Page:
Echoes of both Savita and Tania McCabe once again at inquest of Bimbo Onanuga today

 AIMS Ireland calls for accountability and clinical review following verdict of medical misadventure

(Tuesday, 5 November 2013) The Association for Improvements in the Maternity Services Ireland (AIMS Ireland) today petitioned for accountability, a review into clinical care practices, and national guidelines on the use of the drug misoprostol (cytotec) following the verdict of medical misadventure returned at the inquest into the death of Bimbo Onanuga at the Dublin Coroner’s Court today. Bimbo Onanuga’s inquest has once again exposed underlying critical flaws in basic clinical care within an Irish maternity unit, echoing concerns raised following reports into the deaths of both Savita Halapanavar and Tania McCabe.

The HIQA report into the death of Savita Halapanavar published last month found ‘The most basic means of identifying any patient at risk of clinical deterioration is to observe the patient’s general condition and regularly monitor and track their clinical observations. This should be a basic component of caring for any patient.’ Abiola Adesina, Bimbo Onanuga’s partner, told the inquest yesterday that Bimbo was rolling around and in constant pain following admission to the Rotunda Hospital in March 2010 and that attempts to raise concerns were disregarded as a normal progression of labour. Bimbo, who had a number of risk factors in relation to the intrauterine foetal death, had received misprostol (cytotec) to induce labour.

Krysia Lynch, Co-Chair of AIMS Ireland, commented “The parallels between Savita, Tania, and now, Bimbo, are staggering. We see once again a catalogue of basic fundamental failures from a lack of documentation to basic clinical observations. Most crucially, we once again see a comprehensive failure by health care providers to listen to women. This is a reoccurring complaint from women contacting AIMS Ireland – they do not feel their concerns are acknowledged or listened to. In a critical medical event, this can be the difference between recovery or death.”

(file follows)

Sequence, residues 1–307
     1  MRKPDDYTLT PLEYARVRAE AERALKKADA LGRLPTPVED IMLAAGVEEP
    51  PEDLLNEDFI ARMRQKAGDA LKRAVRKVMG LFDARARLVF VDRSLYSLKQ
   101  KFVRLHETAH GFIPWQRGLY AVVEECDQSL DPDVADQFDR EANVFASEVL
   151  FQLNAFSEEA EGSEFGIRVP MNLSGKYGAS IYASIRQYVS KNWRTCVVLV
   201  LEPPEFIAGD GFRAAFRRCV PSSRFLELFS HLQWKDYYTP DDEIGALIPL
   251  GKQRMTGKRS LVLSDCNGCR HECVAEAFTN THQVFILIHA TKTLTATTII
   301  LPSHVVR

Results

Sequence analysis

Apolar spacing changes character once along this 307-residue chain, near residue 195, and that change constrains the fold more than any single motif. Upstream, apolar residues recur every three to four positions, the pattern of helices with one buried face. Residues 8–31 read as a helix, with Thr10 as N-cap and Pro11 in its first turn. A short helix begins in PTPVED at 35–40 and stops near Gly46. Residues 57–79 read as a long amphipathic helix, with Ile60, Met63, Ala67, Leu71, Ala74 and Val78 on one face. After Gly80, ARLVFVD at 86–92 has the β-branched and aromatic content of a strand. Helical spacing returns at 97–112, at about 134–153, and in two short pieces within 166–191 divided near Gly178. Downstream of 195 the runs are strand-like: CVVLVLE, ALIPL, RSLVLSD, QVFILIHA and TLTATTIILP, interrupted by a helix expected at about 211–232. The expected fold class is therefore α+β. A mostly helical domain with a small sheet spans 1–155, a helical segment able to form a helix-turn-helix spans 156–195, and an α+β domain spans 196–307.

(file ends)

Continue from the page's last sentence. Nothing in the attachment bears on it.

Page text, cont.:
On the issue of the use of the drug cytotec, Lynch added “Misoprostol has been linked to uterine rupture and is not recommended for use in induction. The Royal College of Physicians in Ireland (RCPI) guidelines on cytotec use sit outside those of the Royal College of Obstetricians and Gynaecologists (RCOG) in the UK, which raises a red flag and unanswered questions. AIMS Ireland is calling for full accountability and transparency. We ask the Rotunda, did Bimbo receive the basic care, monitoring and a care plan consistent with her clinical needs? Was she appropriately and effectively monitored given the use of the drug misoprostol? Has the Rotunda taken proper and appropriate steps to update staff about the use of the drug misoprostol? Why do their guidelines continue to sit outside those of the RCOG? This is a matter of public interest.”

Concluding, Lynch said “We very much welcome this verdict of medical misadventure from the Coroner Brian Farrell. Despite significant efforts to hide the circumstances of Bimbo’s death, the truth is now on public record. After fighting for many years for this inquest and to have her story heard, Bimbo’s family is finally vindicated.”


Notes to Editors:

UK & Irish guidelines on the use of Cytotec/Misoprostol for medical induction of labour after an intrauterine foetal death (IUFD)

RCOG Guideline:

The RCOG Green-top Guideline No.55 Late Intrauterine Fetal Death and Stillbirth, published in October 2010 recommends the use of low doses of misoprostol (50 or 100 micrograms depending upon gestational age) when inducing labour:

“The RCOG is aware that protocols employing much larger doses of misoprostol are still being employed in the UK, with consequent potentially associated adverse effects. Each maternity unit is advised to review their protocol for the management of induction of labour under these circumstances and to adopt the recommended misoprostol dosaging. Currently, misoprostol is only available in the form of a 200 microgram tablet; however the required dosage of 50 or 100 micrograms can be obtained by cutting the tablet or by dilutional methods. Your hospital pharmacist will be able to assist you with this if necessary.”

RCPI Guideline (Appendix 4)

“On the day of diagnosis of IUFD

Mifepristone 200mg PO

36-48 hours after diagnosis

24-34 weeks Misoprostol 200mcg PV followed by 200mcg PO 3 hourly x 4 doses

>34 weeks Misoprostol 100mcg PV followed by 100mcg PO 3 hourly x 4 doses

A second course may be started after 24 hours and with medical review”

Comments are closed.